Account in An Original History of the Religious Denominations at Present Existing in the United States, edited by Daniel Rupp. Joseph Smith wrote the chapter on Mormonism.
Joseph Smith, Latter Day Saints, pages 404-405
“When about fourteen years of age, I began to reflect upon the importance of being prepared for a future state; and upon inquiring the place of salvation, I found that there was a great clash in religious sentiment; if I went to one society they referred me to one place, and another to another; each one pointing to his particular creed as the "summum bonum" of perfection. Considering that all could not be right, and that God could not be the author of so much confusion, I determined to investigate the subject more fully, believing that if God had a church, it would not be split up into factions, and that if he taught one society to worship one way, and administer in one set of ordinances, he would not teach another principles which were diametrically opposed. Believing the word of God, I had confidence in the declaration of James, "If any man lack wisdom let him ask of God, who giveth to all men liberally and upbraideth not, and it shall be given him."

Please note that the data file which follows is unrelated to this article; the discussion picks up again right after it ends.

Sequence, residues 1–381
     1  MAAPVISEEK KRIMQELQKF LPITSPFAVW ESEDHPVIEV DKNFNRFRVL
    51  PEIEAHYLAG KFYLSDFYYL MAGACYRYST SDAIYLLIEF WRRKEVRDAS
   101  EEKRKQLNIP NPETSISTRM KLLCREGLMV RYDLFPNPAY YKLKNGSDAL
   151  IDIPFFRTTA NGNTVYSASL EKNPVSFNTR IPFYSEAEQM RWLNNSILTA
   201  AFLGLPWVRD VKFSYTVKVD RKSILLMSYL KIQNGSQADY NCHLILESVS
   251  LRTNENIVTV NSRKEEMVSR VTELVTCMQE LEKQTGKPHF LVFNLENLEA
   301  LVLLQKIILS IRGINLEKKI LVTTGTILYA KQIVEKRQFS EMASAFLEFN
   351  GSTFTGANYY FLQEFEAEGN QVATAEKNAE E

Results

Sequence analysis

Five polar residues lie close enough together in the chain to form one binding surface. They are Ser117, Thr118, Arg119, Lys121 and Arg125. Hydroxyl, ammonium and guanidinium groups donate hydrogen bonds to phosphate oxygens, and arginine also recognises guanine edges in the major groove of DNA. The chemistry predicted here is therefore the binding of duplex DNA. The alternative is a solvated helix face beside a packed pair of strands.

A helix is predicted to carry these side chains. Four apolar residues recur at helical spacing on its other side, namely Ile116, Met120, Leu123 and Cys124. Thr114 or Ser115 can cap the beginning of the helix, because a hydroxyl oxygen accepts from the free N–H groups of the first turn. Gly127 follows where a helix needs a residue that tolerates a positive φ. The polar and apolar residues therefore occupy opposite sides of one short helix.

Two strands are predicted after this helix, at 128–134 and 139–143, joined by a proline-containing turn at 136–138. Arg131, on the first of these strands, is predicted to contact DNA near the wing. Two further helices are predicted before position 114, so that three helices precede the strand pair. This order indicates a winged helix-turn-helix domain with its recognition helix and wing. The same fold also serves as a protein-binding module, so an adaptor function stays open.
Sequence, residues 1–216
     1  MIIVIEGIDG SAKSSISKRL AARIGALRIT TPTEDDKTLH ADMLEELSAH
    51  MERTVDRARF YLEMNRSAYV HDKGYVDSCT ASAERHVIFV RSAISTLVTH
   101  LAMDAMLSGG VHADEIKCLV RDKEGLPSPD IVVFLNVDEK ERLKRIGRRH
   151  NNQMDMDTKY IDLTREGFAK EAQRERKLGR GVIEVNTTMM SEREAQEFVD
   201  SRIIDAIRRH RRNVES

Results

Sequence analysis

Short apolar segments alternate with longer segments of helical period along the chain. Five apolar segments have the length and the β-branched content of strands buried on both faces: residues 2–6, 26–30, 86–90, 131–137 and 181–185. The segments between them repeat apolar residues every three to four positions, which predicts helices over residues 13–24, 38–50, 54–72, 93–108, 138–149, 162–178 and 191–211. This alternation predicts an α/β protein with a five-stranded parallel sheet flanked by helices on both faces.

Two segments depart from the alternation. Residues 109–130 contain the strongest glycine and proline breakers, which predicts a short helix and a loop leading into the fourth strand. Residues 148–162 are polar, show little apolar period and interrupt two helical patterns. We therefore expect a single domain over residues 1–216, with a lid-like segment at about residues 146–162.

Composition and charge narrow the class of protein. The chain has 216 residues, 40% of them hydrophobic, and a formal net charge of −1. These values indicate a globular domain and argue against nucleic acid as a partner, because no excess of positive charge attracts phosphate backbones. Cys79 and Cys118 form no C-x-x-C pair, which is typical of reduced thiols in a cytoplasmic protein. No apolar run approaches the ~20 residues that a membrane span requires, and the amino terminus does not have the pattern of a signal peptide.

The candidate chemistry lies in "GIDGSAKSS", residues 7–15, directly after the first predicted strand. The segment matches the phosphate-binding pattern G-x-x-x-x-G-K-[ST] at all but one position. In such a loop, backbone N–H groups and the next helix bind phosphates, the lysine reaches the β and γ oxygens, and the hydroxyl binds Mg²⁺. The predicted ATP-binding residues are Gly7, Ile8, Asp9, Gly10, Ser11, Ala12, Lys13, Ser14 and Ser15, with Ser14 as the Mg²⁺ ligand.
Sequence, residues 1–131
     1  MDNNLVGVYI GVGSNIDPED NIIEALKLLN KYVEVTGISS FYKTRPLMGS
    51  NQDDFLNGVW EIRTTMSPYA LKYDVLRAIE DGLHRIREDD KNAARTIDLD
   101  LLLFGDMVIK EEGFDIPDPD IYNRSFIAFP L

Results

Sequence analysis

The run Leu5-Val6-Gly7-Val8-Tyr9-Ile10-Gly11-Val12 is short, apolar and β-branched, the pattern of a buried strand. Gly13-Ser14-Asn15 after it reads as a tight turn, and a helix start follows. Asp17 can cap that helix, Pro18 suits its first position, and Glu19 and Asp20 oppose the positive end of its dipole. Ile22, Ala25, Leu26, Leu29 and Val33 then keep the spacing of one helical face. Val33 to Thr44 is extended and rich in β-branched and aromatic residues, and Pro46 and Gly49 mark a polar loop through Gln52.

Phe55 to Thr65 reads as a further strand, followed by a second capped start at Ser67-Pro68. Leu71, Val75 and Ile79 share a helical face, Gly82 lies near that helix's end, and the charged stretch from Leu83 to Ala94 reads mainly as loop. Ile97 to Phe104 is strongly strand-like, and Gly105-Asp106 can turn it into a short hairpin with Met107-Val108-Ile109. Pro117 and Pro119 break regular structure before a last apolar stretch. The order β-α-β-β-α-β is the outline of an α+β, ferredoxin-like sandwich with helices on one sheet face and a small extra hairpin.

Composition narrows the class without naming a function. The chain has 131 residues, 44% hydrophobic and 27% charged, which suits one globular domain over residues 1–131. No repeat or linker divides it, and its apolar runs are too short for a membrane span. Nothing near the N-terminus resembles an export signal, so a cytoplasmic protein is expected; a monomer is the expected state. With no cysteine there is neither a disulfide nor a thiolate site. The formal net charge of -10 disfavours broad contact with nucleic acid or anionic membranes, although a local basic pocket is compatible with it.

I retired to a secret place in a grove, and began to call upon the Lord. While fervently engaged in supplication, my mind was taken away from the objects with which I was surrounded, and I was enrapt in a heavenly vision, and saw two glorious personages, who exactly resembled each other in features and likeness, surrounded with a brilliant light, which eclipsed the sun at noonday. They told me that all the religious denominations were believing in incorrect doctrines, and that none of them was acknowledged of God as His Church and Kingdom. And I was expressly commanded to "go not after them," at the same time receiving a promise that the fullness of the gospel should at some future time be made known unto me."